Indonesian officials have warned that the death toll from Monday's devastating tsunami could pass 500 as rescue teams struggle to supply aid to people still stranded on the remote Mentawai island chain.
AFP - Indonesia battled Friday to deliver aid to remote islands where a tsunami has killed over 400 people, as bodies lay strewn on beaches and buried in debris days after the wave hit.
Disaster response officials believe the final death toll from the huge wave that hit the Mentawai island chain off the west coast of Sumatra Monday could pass 500, with many of the victims sucked out to sea as the tsunami receeded.
Almost 13,000 people are living in makeshift camps on the islands after their homes were wiped out in the wave, which was triggered by a powerful 7.7 magnitude earthquake.
Elsewhere in the disaster-prone archipelago, the nation's most active volcano, Mount Merapi, was spewing lava and ash, threatening residents who may have returned to their homes after an eruption on Tuesday killed 34 people.
"It shot heat clouds at 6:10 am as far as 3.5 kilometres (over two miles) down its southeastern slopes and followed this with ash rain," volcanologist Heru Suparwoko told AFP.
He said the heat clouds were "definitely dangerous" for people who had refused to obey orders to evacuate the danger zone on the island of Java or who had returned to tend to their livestock and property.
Some 50,000 people have fled to temporary shelters but officials expressed frustration that many were returned to their homes on the volcano's slopes during the day, despite the threat of another deadly eruption.
"It's very difficult to convince people here that the volcano's threat is serious," health ministry crisis centre head Mudjiharto told AFP.
On the Mentawais, a picturesque destination for foreign surfers but an otherwise poor and neglected part of Indonesia, bodies were being found buried on beaches and even stuck in trees.
Disaster management official Agus Prayitno said the death toll had risen to 408, as hopes dimmed for another 303 still listed as missing after the wave flattened villages and homes.
"When we flew over the area yesterday (Wednesday) we saw many bodies. Heads and legs were sticking out of the sand, some of them were in the trees," another disaster official Ade Edward said Thursday.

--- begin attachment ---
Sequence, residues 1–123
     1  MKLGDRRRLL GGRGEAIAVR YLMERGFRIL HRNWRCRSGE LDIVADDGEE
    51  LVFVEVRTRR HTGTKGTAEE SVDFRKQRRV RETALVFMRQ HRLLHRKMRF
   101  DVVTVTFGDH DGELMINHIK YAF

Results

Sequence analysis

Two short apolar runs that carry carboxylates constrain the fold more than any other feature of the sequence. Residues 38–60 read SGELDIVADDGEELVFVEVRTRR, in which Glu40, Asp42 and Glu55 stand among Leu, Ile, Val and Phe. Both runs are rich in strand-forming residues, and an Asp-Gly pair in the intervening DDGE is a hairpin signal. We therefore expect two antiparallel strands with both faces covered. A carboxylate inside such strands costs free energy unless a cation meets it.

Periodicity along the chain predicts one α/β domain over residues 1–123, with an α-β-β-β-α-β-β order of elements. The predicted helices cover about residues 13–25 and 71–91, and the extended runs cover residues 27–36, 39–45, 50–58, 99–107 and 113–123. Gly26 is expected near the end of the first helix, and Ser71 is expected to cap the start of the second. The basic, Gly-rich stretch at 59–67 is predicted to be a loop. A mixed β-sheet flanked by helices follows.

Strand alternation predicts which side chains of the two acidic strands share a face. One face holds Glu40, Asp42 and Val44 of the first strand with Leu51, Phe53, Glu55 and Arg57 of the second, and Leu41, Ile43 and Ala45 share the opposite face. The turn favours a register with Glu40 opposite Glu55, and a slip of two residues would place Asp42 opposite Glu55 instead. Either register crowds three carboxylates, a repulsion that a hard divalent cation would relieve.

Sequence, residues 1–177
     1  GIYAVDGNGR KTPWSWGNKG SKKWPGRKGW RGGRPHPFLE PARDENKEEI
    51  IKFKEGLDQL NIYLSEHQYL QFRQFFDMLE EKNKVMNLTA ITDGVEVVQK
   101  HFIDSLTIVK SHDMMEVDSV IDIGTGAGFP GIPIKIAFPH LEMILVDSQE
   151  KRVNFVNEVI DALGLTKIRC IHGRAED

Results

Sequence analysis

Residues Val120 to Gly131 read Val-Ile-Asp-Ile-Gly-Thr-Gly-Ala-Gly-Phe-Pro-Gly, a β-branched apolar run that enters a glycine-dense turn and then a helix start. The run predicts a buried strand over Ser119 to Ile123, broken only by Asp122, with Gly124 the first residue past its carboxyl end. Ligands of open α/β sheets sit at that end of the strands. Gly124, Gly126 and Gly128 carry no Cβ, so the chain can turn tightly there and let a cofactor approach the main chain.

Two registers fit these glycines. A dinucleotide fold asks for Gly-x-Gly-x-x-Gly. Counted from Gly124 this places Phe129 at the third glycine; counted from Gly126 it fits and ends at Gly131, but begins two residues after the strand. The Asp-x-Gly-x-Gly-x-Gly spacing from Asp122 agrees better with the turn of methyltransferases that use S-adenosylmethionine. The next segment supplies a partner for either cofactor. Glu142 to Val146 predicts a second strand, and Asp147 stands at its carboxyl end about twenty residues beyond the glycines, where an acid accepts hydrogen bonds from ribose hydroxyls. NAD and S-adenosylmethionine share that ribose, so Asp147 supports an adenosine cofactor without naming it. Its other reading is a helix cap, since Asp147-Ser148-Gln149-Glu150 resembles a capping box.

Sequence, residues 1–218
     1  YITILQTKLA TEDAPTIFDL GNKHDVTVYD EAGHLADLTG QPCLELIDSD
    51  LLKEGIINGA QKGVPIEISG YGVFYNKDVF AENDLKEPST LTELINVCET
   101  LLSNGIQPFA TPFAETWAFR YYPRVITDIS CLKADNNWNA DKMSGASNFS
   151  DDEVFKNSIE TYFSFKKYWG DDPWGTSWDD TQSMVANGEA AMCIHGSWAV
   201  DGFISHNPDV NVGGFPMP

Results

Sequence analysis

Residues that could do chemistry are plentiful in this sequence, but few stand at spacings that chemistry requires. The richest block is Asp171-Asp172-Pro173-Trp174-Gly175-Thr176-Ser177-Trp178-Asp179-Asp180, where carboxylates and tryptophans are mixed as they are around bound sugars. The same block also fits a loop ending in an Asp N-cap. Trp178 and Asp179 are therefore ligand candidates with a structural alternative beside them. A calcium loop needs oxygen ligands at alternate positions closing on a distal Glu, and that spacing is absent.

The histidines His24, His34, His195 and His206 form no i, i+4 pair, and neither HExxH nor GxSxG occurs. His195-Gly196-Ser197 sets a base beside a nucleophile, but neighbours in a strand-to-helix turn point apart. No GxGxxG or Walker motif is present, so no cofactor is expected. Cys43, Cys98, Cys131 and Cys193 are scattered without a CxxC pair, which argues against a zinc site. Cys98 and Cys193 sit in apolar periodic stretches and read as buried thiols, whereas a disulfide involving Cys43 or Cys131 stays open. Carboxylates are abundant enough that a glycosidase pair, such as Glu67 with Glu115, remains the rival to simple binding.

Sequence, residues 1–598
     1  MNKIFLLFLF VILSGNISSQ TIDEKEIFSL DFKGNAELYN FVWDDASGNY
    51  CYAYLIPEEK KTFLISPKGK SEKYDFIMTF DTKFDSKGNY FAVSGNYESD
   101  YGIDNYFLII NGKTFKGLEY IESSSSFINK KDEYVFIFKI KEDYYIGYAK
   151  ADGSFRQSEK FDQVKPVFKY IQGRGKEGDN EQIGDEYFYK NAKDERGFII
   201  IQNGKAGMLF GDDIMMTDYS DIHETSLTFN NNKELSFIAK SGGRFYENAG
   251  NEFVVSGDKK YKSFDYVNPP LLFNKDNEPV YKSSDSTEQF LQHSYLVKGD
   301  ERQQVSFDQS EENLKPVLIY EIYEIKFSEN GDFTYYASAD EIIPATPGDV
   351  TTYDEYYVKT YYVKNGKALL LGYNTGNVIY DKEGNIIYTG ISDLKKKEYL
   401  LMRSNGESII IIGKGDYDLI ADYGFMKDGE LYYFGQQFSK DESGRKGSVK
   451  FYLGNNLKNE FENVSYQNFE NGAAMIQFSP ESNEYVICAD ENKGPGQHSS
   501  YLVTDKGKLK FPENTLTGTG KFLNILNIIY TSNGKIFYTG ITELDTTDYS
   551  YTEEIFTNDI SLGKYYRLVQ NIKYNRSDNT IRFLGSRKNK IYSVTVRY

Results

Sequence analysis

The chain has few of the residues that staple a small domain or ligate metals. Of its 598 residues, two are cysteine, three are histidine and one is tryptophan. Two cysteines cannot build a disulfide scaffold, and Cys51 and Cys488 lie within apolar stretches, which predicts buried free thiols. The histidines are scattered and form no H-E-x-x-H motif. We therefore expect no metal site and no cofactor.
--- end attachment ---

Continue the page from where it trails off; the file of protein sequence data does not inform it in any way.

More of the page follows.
Indonesia initially refused offers of foreign aid but Australia on Thursday announced that Jakarta had accepted a million dollars worth of assistance for both disasters.
The United States and several Asian countries have also offered help.
The European Commission released 1.5 million euros (two million dollars) in aid and UN Secretary General Ban Ki-moon said the United Nations stood ready to assist in any way.
"Indonesia is currently addressing a multitude of emergencies, whose cumulative impact is putting local capacity under severe strain," European aid chief Kristalina Georgieva said.
The European money will help around 65,000 people in the Mentawais and another 22,000 affected by the volcano.
Bad weather has hampered efforts to ferry aid such as tents, medicine, food and water to the islands by boat from the nearest port of Padang, which is more than half a day away even in the best conditions.
Indonesia has dispatched troops and at least five warships to the region but there is believed to be a need for more helicopters and boats to reach the most isolated communities, some of which lack roads and wireless communications.
"Our staff have been waiting in Padang since Monday night to reach the remote area. They are now still in Padang," World Vision emergency response director Jimmy Nadapdap said.
President Susilo Bambang Yudhoyono visited the area Thursday, having cut short a visit to Vietnam to attend a regional summit, telling distraught survivors that aid was on its way.
Indonesia and foreign donors have spent millions of dollars on an elaborate tsunami warning system since the 2004 wave which killed more than 168,000 people on Sumatra and nearby islands.
But survivors of Monday's disaster said the only warning they received was the roaring sound of the wave itself as it sped towards them shortly before 10 pm.
Many felt the earthquake but a tsunami alert issued minutes later in Jakarta failed to reach the villages in most danger.
An official responsible for the warnings dismissed reports that the system was faulty and blamed local authorities on the Mentawais for failing to pass on the alert.
The Indonesian archipelago is studded with scores of active volcanoes and stretches from the Pacific to the Indian oceans, spanning several tectonic plates meeting on a so-called "ring of fire".
According to the US Geological Survey, Monday's earthquake was "the latest in a sequence of large ruptures along the Sunda megathrust" including the 2004 quake.
Date created : 2010-10-29